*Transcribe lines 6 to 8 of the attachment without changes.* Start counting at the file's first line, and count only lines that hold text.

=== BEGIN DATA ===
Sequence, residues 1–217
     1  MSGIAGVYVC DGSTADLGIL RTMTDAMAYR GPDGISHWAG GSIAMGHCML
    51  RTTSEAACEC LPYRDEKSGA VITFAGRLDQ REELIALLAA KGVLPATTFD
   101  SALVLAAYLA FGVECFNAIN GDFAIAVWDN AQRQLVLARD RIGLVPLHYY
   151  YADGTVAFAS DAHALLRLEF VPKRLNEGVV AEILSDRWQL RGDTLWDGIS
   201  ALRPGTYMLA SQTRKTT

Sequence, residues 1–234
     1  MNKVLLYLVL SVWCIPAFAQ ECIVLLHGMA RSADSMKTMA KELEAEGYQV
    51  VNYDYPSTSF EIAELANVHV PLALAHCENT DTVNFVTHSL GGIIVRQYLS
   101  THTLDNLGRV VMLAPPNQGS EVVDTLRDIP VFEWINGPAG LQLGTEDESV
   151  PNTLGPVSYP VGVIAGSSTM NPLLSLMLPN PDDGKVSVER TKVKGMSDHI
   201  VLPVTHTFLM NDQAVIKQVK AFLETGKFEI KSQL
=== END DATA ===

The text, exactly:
   201  ALRPGTYMLA SQTRKTT

Sequence, residues 1–234
     1  MNKVLLYLVL SVWCIPAFAQ ECIVLLHGMA RSADSMKTMA KELEAEGYQV